Danish submarine owner faces further charge over Swedish reporter's death

Elias Hubbard
August 26, 2017

Danish police say the size of a headless female torso found on the shoreline in Copenhagen suggests it could be that of a Swedish journalist who died after taking a submarine ride with the vessel's Danish inventor.

Investigators say Wall's body was "deliberately" mutilated and weighed down with a metal object to try to prevent its detection.

Danish prosecutors are seeking to charge Madsen with murder and have until 5 September to request an extension of his custody.

According to Copenhagen police, Madison is now being held on manslaughter charges after the inventor told the investigators that Wall died in an "unspecified accident" and he buried her at sea.

Her blood was found inside Madsen's 18-metre Nautilus submarine, which he is believed to have sank intentionally.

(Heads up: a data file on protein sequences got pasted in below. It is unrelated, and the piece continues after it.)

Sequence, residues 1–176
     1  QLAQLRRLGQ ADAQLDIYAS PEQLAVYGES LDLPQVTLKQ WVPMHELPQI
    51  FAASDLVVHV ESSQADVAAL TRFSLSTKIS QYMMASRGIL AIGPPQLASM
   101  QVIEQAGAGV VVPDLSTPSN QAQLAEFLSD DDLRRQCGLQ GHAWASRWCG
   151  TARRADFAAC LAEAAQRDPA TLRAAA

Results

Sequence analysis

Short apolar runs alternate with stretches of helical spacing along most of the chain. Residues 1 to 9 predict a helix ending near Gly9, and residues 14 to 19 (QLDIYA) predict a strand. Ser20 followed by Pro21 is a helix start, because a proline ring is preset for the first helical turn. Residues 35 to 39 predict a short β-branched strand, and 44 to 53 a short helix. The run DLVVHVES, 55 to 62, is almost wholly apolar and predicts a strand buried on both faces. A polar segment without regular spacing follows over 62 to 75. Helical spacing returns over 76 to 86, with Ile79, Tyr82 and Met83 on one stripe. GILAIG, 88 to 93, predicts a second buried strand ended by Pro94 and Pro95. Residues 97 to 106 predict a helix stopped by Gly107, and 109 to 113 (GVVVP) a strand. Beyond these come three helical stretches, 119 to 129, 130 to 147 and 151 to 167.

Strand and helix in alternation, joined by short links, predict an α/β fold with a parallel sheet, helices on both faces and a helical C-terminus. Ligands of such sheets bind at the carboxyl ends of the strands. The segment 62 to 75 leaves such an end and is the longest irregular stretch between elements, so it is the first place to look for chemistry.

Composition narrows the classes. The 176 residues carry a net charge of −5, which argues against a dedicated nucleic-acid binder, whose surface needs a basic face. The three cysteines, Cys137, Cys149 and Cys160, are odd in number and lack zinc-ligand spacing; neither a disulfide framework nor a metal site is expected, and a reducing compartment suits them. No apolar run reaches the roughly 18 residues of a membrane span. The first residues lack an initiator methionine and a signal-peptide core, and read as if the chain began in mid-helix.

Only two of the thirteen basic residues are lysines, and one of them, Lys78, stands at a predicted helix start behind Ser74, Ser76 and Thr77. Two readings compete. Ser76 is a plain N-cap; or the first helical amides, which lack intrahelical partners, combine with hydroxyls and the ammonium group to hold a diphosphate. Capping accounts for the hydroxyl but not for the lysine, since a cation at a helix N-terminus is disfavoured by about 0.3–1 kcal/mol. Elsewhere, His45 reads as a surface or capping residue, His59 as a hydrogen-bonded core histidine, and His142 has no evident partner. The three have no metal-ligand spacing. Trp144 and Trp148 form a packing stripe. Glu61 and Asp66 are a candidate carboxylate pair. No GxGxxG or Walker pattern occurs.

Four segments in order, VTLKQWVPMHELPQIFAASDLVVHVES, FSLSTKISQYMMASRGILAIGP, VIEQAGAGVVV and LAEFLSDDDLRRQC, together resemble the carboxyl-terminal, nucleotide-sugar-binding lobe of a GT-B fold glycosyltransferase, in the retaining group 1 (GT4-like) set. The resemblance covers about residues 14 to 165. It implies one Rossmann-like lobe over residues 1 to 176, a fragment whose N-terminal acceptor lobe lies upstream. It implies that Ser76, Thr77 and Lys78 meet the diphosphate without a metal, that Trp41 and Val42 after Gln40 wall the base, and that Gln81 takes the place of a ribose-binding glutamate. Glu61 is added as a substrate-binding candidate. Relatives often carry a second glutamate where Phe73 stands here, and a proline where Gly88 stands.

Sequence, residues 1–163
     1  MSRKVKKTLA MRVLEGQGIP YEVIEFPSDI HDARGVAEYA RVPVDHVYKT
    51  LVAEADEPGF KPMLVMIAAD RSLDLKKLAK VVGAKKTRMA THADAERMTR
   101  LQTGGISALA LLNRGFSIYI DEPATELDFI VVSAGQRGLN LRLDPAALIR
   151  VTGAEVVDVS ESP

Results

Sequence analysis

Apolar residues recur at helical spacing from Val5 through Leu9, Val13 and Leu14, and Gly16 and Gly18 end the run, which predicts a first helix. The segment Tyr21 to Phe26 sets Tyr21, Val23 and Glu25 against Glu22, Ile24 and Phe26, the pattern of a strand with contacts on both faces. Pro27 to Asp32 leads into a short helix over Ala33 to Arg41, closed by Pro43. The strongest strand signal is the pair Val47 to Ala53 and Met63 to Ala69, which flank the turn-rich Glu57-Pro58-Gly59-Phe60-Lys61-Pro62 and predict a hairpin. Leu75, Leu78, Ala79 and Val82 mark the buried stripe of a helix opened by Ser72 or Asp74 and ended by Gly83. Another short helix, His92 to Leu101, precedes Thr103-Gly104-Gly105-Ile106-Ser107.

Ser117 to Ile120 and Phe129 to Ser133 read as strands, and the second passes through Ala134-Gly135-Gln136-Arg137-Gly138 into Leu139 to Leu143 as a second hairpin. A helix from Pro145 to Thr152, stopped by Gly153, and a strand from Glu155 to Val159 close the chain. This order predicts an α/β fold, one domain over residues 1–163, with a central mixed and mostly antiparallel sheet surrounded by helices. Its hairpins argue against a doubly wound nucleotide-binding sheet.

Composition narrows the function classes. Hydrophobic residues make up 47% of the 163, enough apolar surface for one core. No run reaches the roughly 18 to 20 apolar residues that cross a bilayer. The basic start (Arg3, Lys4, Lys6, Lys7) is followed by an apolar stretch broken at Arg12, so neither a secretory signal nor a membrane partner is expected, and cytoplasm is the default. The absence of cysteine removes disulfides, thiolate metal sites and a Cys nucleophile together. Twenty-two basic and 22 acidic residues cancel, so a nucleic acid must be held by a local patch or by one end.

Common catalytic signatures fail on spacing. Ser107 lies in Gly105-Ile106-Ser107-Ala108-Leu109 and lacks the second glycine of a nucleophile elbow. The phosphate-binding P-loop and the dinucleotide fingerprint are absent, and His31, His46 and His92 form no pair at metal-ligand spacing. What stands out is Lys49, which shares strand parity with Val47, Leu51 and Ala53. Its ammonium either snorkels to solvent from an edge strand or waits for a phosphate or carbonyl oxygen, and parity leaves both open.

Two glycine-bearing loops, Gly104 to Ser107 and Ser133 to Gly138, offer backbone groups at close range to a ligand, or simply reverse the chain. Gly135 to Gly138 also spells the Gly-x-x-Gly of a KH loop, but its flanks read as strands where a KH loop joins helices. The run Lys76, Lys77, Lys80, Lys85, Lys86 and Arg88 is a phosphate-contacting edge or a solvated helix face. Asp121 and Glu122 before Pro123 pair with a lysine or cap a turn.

An eccentric inventor described as fanatical and foul-tempered, Peter Madsen's career has been punctuated by stories of professional fallouts, mood swings and a willingness to go it alone.

A private submarine sits on a pier in Copenhagen Harbour, Denmark.

Police charged Madsen with the involuntary manslaughter of Wall - a charge carrying a sentence of between five years and life in prison - on August 11 when he was rescued after his submarine sank. The volunteers were engaged in a dispute over the Nautilus between 2014 and 2015, before members of the board made a decision to transfer the vessel's ownership to Madsen, according to the Nautilus website.

"That curse is me".

The case is not open to the public to protect further investigations, police said.

Wall, 30, who has been featured in major publications like the New York Times, the Guardian and Vice Magazine, was last seen departing with Madsen, 46, in his homemade sub on its ill-fated voyage last week. She had planned to move to Beijing to pursue her career, Cong said.

Other reports by Click Lancashire

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